Dr Javed Kazi: They killed a teacher, a doctor and a gem of a person

Published: February 26, 2014
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It was 2:05pm on February 17, 2014 when Dr Javed Kazi's car left the gates of the Karachi Medical and Dental College (KMDC) and was about to take a turn when two men fired at him. PHOTO: MOHAMMAD NOMAN/EXPRESS

Let’s bring a change before it is too late. Let’s be the change ourselves. Let’s become a generation where each person is a Dr Javed Kazi. PHOTO: ASRA AHMED/AMAL KAZI Let’s bring a change before it is too late. Let’s be the change ourselves. Let’s become a generation where each person is a Dr Javed Kazi. PHOTO: FACEBOOK PAGE (https://www.facebook.com/pages/I-Love-KMDC/228265023916877) It was 2:05pm on February 17, 2014 when Dr Javed Kazi's car left the gates of the Karachi Medical and Dental College (KMDC) and was about to take a turn when two men fired at him. PHOTO: MOHAMMAD NOMAN/EXPRESS

In life you go through a lot of changes – mental, emotional and physical. However, maturity does not come until you break down once under the burden of responsibilities. We all see bad things happening and we sit quietly, mostly because our parents tell us to be politely agreeable.

But guess what?

Sometimes you just have to speak up.

It was 2:05pm on February 17, 2014 when a car left the gates of the Karachi Medical and Dental College (KMDC) and was about to take a turn when two men fired at the person sitting in the car. The driver tried to drive away but he too was shot on his arms and legs and couldn’t move.

But the main target didn’t need his help anymore, he was already gone.

This is the description I heard from other students of the unfortunate incident that took the life of one of our teachers. The man in that car was Professor Dr Javed Kazi, an innocent and irreplaceable victim of target killing.

Who was Dr Javed Kazi and why should his death be a thought provoking moment?

Let me answer those questions from my perspective as well as from facts.

Dr Javed Kazi was one of the main renal pathologists in Karachi and probably one of the most prominent ones in Pakistan. He was the head of the  pathology department at KMDC and had been serving at that position for 12 years. He had completed his Bachelor of Medicine and Bachelor of Surgery (MBBS) from Dow Medical College, Karachi, and then went to London where he completed his PhD in renal histopathology from the Royal College.

He introduced renal transplant in the Sindh Institute of Urology and Transplantation (SIUT), along with Dr Adeeb Rizvi and worked hard to make this project a success. He was also working as a renal pathologist in Abbasi Shaheed Hospital, Ziauddin Hospital and many other hospitals all over Karachi.

In addition, he was the chairperson of the National Institute of Blood Diseases (NIBD) and had been appointed only recently as the dean of medicine at the University of Karachi (KU).

I can go on but I think you must have gotten a measure of his educational achievements by now. For those who look at the number of qualifications or positions a person holds and think, “Oh, well he was educated”, they should take a minute and really think about it.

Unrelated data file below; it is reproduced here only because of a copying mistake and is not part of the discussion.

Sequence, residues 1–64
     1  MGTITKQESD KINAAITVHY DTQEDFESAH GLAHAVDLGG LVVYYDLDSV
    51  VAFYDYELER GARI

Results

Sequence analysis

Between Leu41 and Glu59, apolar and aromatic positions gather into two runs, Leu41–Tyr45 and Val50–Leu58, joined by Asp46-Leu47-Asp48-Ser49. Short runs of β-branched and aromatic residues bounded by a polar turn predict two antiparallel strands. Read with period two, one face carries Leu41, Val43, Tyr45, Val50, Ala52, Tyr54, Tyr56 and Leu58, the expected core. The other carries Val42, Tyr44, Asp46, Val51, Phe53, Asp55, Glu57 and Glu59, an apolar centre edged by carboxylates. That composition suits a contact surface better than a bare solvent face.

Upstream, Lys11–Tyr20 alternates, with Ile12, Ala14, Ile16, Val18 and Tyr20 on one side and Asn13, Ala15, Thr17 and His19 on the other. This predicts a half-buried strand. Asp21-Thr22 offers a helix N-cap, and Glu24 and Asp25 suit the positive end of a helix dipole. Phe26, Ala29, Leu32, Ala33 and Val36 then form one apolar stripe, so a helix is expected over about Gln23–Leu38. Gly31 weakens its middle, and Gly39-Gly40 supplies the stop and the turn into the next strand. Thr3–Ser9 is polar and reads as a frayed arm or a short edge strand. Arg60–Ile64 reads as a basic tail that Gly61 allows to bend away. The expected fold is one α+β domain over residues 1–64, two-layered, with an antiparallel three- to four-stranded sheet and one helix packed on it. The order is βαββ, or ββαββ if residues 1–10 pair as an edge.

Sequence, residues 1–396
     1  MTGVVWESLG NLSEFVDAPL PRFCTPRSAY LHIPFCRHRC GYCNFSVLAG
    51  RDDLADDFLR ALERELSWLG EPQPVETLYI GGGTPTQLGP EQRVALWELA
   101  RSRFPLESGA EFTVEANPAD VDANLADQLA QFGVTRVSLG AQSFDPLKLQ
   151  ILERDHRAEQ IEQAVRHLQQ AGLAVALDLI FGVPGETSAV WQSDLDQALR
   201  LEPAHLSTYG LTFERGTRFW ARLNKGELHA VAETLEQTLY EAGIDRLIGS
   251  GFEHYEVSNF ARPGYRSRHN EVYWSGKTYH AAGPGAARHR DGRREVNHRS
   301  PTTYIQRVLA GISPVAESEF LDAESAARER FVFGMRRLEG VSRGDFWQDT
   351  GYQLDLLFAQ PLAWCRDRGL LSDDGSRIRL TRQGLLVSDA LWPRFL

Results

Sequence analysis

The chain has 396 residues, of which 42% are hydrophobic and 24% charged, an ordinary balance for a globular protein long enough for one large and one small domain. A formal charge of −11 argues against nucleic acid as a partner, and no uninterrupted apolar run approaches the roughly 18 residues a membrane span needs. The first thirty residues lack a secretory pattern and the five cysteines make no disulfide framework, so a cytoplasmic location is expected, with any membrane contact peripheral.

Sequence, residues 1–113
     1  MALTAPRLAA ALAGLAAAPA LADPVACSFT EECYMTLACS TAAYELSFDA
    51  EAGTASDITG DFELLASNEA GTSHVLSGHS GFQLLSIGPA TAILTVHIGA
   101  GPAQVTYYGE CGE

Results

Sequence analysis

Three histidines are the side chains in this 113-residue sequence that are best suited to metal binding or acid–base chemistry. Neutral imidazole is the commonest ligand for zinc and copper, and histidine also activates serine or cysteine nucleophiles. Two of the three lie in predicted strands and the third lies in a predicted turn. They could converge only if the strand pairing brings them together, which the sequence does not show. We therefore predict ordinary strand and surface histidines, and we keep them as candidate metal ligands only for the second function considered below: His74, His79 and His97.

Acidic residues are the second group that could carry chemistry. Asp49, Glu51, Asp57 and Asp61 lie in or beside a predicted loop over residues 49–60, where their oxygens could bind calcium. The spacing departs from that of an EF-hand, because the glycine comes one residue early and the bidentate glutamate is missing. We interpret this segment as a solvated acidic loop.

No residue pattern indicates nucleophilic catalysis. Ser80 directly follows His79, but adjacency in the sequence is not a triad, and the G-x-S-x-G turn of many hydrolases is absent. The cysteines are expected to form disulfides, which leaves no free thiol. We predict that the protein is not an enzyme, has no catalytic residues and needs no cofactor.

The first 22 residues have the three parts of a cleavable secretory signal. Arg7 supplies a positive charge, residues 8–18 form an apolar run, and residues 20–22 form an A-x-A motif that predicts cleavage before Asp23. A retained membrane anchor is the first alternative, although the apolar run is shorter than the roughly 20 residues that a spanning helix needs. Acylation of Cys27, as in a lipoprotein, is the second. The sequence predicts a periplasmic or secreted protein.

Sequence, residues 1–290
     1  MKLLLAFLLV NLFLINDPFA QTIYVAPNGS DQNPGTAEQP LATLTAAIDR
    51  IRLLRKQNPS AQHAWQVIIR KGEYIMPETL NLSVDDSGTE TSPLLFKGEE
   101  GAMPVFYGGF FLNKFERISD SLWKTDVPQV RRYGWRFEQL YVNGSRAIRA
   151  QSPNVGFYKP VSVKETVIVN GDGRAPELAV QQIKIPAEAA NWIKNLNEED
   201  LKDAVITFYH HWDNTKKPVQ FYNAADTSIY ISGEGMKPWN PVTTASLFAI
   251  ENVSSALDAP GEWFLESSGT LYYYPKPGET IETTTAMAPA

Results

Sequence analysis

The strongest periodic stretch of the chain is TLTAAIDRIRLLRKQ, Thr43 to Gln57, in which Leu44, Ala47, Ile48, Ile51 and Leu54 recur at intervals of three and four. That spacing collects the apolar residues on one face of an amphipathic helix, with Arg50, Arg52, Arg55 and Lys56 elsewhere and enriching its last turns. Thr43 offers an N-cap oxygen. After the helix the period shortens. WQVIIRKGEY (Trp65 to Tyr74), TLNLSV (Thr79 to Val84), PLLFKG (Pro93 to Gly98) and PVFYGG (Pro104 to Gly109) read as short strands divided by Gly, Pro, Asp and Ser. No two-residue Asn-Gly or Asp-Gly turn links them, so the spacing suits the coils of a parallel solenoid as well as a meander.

It takes almost seven years just to complete MBBS and further education needs a lot of motivation and willpower. The number of degrees Dr Kazi went on to complete alone shows his dedication towards his profession and his passion for research in the field of renal pathology.  It shows how much he wanted to help humanity.

I cannot emphasise enough the magnitude of loss which the nation will suffer from his death.

Even as his students, we knew him quite personally.  I spoke to some of them and they could simply not express what a good human being he was, besides being such a praiseworthy doctor. Osama Shakeel, one of Dr Kazi’s students said,

“He was a gem, the best teacher in my entire academic career. Nobody could teach better glomerulonephritis than him. He had the kind of personality where you couldn’t help being impressed by. I just can’t forget him.”

Arooj Shariq, a fifth-year student, praised him in the following words,

“He was a great teacher who had taught hundreds of students while thousands more were dying to gain knowledge from him. He was a true source of inspiration, a fatherly figure and an ideal personality.”

The objective behind writing this blog isn’t to gain sympathy for Dr Javed; there are enough people to remember and honour him till their own deaths. The reason is that his death is another reminder of how we are failing as a nation. People destroy our living assets within seconds and we don’t care about the effects. They don’t fear God, that is an established fact but we too, are now waging a war against our own consciences.

It’s not just the killers, it is all of us – we are encouraging the murderers by being impartial to their existence. And the unfortunate fact is that we don’t realise what we are doing to ourselves.

It takes ages for nature to produce such gems of people but it takes us two minutes to destroy them.

It is now or never.

We need to wake up now as a nation and realise our duties to ourselves. We need to understand that if we don’t do something now, we are not going to live long enough to be able to do it later.

Let’s bring a change before that happens. Let’s be the change ourselves. Let’s become a generation where each person is a Dr Javed Kazi.

Asra Ahmed

Asra Ahmed

A medical student from Karachi Medical and Dental College. She has an unfaltering passion for Literature, Sufism and Politics. Wants to be a neurologist and a social activist in future.

The views expressed by the writer and the reader comments do not necessarily reflect the views and policies of The Express Tribune.